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Courtly Love, Platonic Love, and Carnal Lust: Changing Love Conventions in Sonnets - School Essays

Courtly Love, Platonic Love, and Carnal Lust: Changing Love Conventions in Sonnets

Courtly Love, Platonic Love, and Carnal Lust: Changing Love Conventions in Sonnets

Throughout the shift in culture and society throughout time, people have perceived love in many different ways. Due to the ever-changing perception of love and its importance in all levels of society, the love in its many forms has become a frequent and universal theme in the creative arts. The sonnet, a European lyric poetry form, most commonly focuses on the theme of love including, pleasure, romantic love, sexual love, familial love, platonic love, and religious love.

The sonnet comes from the Italian word sonnetto or “little song.” Three important sonnet forms that have become prominent ...

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organized in three quatrains and a final couplet. The couplet typically introduces the volta, or a turn in the thematic content or mood of the sonnet, which generally recaps the theme of the sonnet or introduces a different, sharp contrasting look at the described theme. The meter is in iambic pentameter with the end rhyme scheme of a-b-a-b, c-d-c-d, e-f-e-f, g-g.

Due to his lyrical genius, Francis Petrarch’s Italian sonnets created many conventions have laid the ground work for future sonneteers. Petrarchan love conventions focused on the idea of courtly love, “an extravagantly artificial and stylized relationship” (Simpson 1). These idealized and idolized relationships often existed only in the imagination of the poet. In Petrarchan sonnets, the male poet addresses the female beloved or Fair Lady, as in the entirety of Petrarch’s romantic sonnets which are addressed to his beloved, Laura, a woman of conventional beauty. In the relationship between the two, the ...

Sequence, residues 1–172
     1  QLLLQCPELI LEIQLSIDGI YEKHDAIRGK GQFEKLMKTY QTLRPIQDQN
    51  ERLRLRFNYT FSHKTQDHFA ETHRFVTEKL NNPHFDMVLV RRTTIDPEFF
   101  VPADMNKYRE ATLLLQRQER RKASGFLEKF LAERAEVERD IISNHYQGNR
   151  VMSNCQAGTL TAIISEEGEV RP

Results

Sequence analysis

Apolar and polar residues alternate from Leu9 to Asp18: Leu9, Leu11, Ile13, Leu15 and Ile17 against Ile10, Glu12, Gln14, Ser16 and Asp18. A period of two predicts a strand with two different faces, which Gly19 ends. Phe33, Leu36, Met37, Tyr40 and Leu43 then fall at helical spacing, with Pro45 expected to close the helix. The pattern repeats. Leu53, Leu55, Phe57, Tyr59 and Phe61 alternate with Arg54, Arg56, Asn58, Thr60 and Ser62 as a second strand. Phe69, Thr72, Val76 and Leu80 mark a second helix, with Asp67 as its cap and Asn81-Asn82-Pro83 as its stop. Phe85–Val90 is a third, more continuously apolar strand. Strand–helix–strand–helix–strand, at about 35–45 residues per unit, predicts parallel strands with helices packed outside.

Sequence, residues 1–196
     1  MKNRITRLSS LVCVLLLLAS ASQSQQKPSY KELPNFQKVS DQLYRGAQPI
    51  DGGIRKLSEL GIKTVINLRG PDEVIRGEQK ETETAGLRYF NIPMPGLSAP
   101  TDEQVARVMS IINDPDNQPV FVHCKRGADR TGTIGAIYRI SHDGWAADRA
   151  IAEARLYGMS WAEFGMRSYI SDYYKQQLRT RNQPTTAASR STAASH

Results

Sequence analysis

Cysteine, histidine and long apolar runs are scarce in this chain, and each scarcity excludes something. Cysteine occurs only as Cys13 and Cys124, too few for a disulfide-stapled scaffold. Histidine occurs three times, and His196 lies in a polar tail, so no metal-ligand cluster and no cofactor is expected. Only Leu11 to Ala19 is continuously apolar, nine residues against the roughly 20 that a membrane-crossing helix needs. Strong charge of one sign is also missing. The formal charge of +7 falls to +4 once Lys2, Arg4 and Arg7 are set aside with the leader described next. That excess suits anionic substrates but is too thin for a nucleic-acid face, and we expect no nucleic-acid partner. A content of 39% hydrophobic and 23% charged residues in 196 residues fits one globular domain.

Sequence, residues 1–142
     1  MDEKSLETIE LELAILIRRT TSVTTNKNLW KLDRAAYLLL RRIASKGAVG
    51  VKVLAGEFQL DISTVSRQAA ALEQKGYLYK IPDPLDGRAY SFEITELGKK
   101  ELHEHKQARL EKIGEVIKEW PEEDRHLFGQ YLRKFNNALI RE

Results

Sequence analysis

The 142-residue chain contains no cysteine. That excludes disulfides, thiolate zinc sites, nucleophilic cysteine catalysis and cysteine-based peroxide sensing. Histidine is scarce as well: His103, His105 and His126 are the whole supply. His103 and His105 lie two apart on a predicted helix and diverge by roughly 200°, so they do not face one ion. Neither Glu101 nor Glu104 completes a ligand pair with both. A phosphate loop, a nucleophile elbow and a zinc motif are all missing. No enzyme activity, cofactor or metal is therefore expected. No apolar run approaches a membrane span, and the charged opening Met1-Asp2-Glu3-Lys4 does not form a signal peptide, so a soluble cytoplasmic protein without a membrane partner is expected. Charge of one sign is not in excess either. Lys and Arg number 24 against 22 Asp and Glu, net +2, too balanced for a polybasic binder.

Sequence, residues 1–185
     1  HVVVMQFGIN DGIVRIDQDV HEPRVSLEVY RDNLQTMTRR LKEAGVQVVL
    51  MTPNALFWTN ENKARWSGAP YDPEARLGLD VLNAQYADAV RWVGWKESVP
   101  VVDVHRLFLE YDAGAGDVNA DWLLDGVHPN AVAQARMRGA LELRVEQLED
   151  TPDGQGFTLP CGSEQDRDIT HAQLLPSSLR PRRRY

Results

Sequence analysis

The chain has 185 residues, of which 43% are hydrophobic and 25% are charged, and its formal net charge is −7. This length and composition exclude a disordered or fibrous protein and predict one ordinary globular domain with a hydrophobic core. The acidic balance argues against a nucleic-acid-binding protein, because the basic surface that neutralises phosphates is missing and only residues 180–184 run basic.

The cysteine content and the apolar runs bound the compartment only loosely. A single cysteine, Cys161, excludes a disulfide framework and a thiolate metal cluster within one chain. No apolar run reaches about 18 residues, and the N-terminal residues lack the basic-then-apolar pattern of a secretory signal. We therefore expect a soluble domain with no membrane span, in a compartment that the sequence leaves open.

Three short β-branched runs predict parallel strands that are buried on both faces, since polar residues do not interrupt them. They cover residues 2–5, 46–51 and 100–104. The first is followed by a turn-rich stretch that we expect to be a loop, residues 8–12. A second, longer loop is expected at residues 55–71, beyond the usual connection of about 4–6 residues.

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to sing the praises of woman as a perfect being according to the poet’s ideal, and from the tendency to joining to his earthly love some vague ideas of spiritual love” (Borghesi 109). While the sonnet changed in form during his time, William Shakespeare maintained the traditions of Petrarch and the Italian sonnet, but with a slight twist. While sustaining the idealized beloved, he did so in the form of his romantic friendship with the Fair Youth. Simultaneously, Shakespeare broke from the conventions of former sonneteers by introducing a realistic tone in his realistic relationship with the Dark Lady.

William Shakespeare broke from many of the traditions previously established ...

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Courtly Love, Platonic Love, and Carnal Lust: Changing Love Conventions in Sonnets. (2011, March 5). Retrieved October 2, 2022, from http://www.essayworld.com/essays/Courtly-Love-Platonic-Love-Carnal-Lust/95539
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"Courtly Love, Platonic Love, and Carnal Lust: Changing Love Conventions in Sonnets." Essayworld.com. March 5, 2011. Accessed October 2, 2022. http://www.essayworld.com/essays/Courtly-Love-Platonic-Love-Carnal-Lust/95539.
"Courtly Love, Platonic Love, and Carnal Lust: Changing Love Conventions in Sonnets." Essayworld.com. March 5, 2011. Accessed October 2, 2022. http://www.essayworld.com/essays/Courtly-Love-Platonic-Love-Carnal-Lust/95539.
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PAPER DETAILS
Added: 3/5/2011 04:13:57 PM
Submitted By: singern
Category: Shakespeare
Type: Premium Paper
Words: 2643
Pages: 10

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